CLW: My Labat lecture and accompanying manuscript will address what I believe will provide the most potential for future research in regional anesthesia. Certainly novel regional techniques or medications may be part of the future of regional anesthesia; however, I believe the most significant impact that regional anesthesia may have on the practice of medicine is if we study the benefits of regional anesthesia on large trends (eg, underutilization of regional anesthesia/disparities in care, increase in worldwide surgical volume/regional anesthesia in resource-limited settings, continued growth of the geriatric population with concurrent multimorbidity, and climate change) thus maximizing the potential impact of regional anesthesia. In terms of outcomes, I also believe we need to stop thinking about regional anesthesia-analgesia as a unimodal intervention but more as part of a multimodal package to influence patient outcomes. An example of this is the use of regional anesthesia-analgesia as an integral part of enhanced recovery pathways, which have been shown to decrease perioperative morbidity and length of hospital stay.

AO: How much data do you believe is required before new techniques or technologies should be widely adopted?

CLW: I typically am not one of the first adopters of a new technique or technology. I applaud and admire colleagues who continue to innovate in these areas. Once a few large-scale observational studies or well done randomized controlled trials have been published, I am willing to incorporate novel approaches in my own practice. It would take a significant amount of peer reviewed literature for a new technique or technology to be widely adopted (eg, as part of a guideline).

AO: Do you have advice to offer current trainees or early career professionals who seek to do research in regional anesthesia?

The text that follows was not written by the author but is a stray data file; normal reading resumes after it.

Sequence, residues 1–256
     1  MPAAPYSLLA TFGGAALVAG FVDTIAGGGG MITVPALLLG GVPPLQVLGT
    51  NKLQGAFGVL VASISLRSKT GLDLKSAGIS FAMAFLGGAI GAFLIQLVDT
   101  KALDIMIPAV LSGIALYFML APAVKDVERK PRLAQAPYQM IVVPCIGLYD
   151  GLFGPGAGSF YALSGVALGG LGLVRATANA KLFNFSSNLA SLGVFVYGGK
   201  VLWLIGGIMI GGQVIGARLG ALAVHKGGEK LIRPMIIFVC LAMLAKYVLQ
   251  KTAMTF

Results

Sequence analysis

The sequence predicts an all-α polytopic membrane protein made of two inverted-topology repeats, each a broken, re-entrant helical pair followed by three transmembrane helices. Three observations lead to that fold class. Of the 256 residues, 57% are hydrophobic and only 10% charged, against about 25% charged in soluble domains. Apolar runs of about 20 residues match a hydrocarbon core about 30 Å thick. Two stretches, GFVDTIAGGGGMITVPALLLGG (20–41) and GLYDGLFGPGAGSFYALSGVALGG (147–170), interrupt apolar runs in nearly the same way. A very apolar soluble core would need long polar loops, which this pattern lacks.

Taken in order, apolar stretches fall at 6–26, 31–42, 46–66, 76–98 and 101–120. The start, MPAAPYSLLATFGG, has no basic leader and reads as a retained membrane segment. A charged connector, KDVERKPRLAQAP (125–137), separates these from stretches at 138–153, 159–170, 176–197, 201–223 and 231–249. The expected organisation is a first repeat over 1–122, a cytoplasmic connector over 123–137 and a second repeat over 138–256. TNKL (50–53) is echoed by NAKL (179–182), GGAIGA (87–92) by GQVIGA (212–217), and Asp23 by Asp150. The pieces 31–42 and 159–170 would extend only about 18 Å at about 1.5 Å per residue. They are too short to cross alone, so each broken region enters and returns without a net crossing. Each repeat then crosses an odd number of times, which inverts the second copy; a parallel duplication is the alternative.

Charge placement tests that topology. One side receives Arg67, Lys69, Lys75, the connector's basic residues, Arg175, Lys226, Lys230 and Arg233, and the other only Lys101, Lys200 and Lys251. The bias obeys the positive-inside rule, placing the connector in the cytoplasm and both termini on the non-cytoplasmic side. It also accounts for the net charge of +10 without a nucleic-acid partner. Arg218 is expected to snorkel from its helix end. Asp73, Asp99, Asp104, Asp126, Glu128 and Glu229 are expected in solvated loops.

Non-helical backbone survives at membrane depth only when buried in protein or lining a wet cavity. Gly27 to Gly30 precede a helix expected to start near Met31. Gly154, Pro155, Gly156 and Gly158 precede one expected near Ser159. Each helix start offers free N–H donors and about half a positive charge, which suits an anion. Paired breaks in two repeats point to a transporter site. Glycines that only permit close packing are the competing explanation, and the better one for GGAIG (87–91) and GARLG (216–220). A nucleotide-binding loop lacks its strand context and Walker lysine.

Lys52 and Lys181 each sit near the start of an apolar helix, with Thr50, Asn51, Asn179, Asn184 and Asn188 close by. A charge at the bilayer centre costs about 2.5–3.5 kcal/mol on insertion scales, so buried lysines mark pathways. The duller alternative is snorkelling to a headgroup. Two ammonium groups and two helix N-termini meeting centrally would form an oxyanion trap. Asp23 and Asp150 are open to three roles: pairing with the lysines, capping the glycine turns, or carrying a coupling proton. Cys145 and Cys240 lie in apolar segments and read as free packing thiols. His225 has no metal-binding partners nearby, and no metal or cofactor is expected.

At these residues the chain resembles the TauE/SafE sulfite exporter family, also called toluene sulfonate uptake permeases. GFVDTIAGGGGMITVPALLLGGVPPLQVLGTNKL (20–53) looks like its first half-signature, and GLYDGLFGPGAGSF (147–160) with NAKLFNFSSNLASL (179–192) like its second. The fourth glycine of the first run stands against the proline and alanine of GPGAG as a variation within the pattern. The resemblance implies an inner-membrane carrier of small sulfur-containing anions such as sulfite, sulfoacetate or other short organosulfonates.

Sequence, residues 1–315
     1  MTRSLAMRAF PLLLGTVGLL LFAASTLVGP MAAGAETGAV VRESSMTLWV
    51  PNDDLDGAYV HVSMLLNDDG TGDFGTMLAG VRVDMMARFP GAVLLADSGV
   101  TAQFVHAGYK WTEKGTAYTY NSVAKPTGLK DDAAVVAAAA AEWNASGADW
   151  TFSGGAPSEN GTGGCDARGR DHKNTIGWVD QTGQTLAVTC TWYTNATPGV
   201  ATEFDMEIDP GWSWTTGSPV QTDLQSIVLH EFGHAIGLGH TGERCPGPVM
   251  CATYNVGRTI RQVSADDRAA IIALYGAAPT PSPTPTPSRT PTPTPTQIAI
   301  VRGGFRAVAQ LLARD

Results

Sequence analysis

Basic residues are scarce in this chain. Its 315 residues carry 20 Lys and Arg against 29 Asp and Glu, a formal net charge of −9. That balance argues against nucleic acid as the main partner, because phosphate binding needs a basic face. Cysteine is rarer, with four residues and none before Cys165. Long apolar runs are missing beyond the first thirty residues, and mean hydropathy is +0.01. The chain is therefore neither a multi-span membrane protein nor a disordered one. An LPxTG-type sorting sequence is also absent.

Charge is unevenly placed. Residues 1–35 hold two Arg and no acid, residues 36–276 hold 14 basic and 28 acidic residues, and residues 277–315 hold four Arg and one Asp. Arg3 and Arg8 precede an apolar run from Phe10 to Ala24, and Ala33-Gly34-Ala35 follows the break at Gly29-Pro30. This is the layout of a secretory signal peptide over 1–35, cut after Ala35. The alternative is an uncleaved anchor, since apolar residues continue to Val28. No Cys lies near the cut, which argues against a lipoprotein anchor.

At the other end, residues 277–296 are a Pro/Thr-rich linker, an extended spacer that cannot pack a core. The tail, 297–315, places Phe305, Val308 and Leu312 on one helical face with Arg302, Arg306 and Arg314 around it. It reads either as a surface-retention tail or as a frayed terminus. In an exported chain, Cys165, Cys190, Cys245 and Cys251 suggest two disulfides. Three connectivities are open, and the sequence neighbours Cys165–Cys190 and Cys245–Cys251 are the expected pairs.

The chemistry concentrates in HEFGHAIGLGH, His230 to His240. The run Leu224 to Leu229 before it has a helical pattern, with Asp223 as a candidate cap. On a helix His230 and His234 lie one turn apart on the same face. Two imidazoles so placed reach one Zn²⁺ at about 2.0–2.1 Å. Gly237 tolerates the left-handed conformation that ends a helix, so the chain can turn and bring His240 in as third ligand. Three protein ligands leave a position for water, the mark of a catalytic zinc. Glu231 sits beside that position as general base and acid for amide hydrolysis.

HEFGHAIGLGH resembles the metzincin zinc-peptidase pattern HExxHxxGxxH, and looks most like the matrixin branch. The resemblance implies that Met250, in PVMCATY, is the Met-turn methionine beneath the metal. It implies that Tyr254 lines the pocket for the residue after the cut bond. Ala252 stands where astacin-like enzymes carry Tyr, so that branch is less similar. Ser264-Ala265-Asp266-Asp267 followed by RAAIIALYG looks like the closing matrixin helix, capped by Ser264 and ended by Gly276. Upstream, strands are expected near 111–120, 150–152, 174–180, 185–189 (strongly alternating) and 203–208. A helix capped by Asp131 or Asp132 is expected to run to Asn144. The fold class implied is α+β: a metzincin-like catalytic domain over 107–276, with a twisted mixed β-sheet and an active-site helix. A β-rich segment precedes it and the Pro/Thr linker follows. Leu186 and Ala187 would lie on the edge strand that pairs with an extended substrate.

CLW: What I have noticed in mentoring and discussing research with current trainees or early career professionals who seek to do research in regional anesthesia is that they often tend to be almost hyper focused on studying a specific block or additive. Although it is difficult to do in the current environment where academic time is limited due to increasing clinical commitments, I do believe it is important for early career professionals who seek a long-term career in research in regional anesthesia to take time to broaden their viewpoint by understanding the literature, discussing research ideas with senior colleagues, and taking time to determine where gaps may be in the literature.

AO: How has your involvement in ASRA Pain Medicine contributed to your success, and how has your relationship with ASRA Pain Medicine evolved over time?

CLW: ASRA Pain Medicine has been an integral part of my success. Many individual members of ASRA Pain Medicine have generously provided guidance/mentorship and have been crucial to my achievements. The society has been and continues to be very welcoming for and supportive of junior faculty. I have been fortunate to have been involved with many ASRA Pain Medicine committees early on and subsequently served on the board of directors and ran one of the spring annual meetings. Currently, most of my efforts are focused on Regional Anesthesia & Pain Medicine, the official publication of ASRA Pain Medicine where I serve as one of the executive editors.